Interstate:

Commercial trade, business, movement of goods or money, or transportation from one state to another, regulated by the Federal Department Of Transportation (DOT).

Bill M.'s Comment
member avatar

Yezir Old school. I share your thoughts. My causing speed is almost always 62 mph on the interstate unless the traffic flow is low and I'm in flat terrain. Then I might bump it up. But 62 or 63 almost always feels right. In the mountains of NY, PA and MD, I set at 60 and let those Jake's hold me back. Sometimes though, I'll need to do a little controlled breaking, especially on route 68.

The same mentality applies to 4-wheelers. They think by driving faster they can get there faster. Not really going to happen.

Veriha uses an app to track fuel efficiency. It will show us whether we waste fuel idling, cruising, or through throttle control. I'm usually in the over 99% efficient range. The way I see it, some of that comes back in my performance bonus every quarter because a percentage of my bonus is based on revenue generated. Well, if I save them 1.5 mpg over 10,000 miles, that's a savings of about 300 gallons or $1500 dollars in revenue.

I'll be honest, driving over 70 mph in a fully loaded combo just doesn't make sense to me. Too much to go sideways with less control over it.

As always, good info here on TT.

double-quotes-start.png

we don’t get any fuel economy bonus, so most drivers I have spoken with are more focused on getting more miles than getting better fuel economy. For drivers on TT, what are your thoughts about the speed/fuel economy relationship?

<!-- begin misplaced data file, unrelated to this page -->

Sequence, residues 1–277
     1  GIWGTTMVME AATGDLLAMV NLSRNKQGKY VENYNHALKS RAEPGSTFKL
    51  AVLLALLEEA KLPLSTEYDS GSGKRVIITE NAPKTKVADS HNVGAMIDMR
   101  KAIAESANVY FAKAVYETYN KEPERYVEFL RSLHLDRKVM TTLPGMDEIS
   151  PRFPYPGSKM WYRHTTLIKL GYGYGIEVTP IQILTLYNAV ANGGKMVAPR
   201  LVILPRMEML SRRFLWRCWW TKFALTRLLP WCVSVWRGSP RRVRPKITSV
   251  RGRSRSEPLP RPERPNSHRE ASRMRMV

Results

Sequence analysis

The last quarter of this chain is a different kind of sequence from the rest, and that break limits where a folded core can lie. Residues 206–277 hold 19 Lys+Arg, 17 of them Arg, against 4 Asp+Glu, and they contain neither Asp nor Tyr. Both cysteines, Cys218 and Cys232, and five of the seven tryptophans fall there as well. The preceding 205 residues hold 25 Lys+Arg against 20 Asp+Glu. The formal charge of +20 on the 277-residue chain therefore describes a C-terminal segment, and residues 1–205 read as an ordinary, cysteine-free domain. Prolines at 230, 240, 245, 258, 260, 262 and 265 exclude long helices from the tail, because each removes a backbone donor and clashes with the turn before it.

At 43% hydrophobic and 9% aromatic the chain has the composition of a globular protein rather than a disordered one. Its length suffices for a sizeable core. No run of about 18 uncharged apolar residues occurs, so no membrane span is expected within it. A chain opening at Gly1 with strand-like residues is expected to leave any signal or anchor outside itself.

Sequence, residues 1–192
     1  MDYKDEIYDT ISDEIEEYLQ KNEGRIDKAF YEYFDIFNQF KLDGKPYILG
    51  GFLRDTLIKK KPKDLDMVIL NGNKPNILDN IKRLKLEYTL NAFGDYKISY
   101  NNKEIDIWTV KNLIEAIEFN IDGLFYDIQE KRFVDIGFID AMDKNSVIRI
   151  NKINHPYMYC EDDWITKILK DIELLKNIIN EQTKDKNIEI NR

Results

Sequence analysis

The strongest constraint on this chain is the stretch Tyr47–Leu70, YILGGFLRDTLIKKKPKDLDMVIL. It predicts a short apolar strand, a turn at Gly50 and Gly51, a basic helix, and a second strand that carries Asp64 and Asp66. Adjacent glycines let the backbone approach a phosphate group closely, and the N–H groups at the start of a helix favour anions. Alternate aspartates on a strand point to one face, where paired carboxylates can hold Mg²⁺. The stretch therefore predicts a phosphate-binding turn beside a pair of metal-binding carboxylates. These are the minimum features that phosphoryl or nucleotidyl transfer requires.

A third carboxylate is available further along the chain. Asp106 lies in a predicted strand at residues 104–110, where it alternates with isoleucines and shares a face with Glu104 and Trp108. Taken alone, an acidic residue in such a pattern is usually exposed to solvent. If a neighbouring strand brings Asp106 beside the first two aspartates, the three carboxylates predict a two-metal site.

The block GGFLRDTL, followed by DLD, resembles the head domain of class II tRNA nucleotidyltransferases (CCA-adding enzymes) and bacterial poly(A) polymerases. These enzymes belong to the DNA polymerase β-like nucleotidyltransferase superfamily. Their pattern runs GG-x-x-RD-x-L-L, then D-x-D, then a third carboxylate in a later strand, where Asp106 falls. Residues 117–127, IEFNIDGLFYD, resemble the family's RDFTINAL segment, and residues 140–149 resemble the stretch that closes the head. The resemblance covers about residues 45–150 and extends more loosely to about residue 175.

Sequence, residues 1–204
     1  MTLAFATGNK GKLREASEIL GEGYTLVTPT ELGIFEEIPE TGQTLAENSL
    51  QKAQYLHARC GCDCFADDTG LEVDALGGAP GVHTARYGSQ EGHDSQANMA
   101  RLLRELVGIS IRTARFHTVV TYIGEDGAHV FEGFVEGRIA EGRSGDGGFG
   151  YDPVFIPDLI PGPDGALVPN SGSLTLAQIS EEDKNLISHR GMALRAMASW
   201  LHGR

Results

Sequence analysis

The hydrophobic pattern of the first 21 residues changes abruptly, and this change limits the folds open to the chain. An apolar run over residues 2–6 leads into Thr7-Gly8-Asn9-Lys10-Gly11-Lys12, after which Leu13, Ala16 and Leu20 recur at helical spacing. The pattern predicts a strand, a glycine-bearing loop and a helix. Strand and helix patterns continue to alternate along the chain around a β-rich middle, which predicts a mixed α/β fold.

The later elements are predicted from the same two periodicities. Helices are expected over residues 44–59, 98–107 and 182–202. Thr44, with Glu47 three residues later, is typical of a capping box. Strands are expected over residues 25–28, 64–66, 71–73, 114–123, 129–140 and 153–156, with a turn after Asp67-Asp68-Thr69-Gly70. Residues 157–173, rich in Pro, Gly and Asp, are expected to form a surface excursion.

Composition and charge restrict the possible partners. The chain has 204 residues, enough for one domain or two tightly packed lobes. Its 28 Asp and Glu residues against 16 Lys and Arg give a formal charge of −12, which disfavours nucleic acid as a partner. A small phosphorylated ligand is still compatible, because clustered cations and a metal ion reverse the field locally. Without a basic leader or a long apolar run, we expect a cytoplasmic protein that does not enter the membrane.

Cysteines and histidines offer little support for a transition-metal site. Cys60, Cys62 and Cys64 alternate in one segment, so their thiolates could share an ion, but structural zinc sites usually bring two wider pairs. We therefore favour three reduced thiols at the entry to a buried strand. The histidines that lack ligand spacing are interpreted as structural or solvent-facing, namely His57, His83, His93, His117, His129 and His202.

double-quotes-end.png

There is definitely a relationship between fuel economy and speed. Less speed running low RPMs in the low end of a diesel engine's power curve always yields better fuel mileage. That's physics 101 type of stuff.

What throws people off is this idea that they can turn more miles by having a truck governed at 70 as opposed to someone else governed at 62. It's simply not true.

We operate in a real world that has a lot of variables. They cannot be avoided in the transportation business. That's why it's not really impressive when you hear a driver boasting of a 750 mile day. It means nothing in the big picture. There's no way a driver going 62 will ever do it, but he can easily accomplish more in a quarter or a year due to his talents at trip planning and effective communications with the office.

An effective driver learns to have better control over the variables and even to predict them prior to being crippled by them. He sits a lot less and gets to use his limited time more wisely and effectively.

It's a great lesson for newbies to understand. I know some of you are doubtful about what I'm saying, but it's true. You would probably be surprised when you learn I cruise the interstates at 62. I can go faster, but that is my speed of choice. For nine years straight I have been the most productive driver in my fleet.

Don't confuse speed with productivity in trucking. That relationship doesn't exist.

Interstate:

Commercial trade, business, movement of goods or money, or transportation from one state to another, regulated by the Federal Department Of Transportation (DOT).

HOS:

Hours Of Service

HOS refers to the logbook hours of service regulations.
Ryan B.'s Comment
member avatar

Welcome to the night driving club. This is how I make my living.

Dennis L's Comment
member avatar

My Prime company truck is governed to 62 on cruise and 57/58 on the pedal. I typically cruise at 60 when I can.

I think the slower pedal limit is to slow us down when cannot use cruise.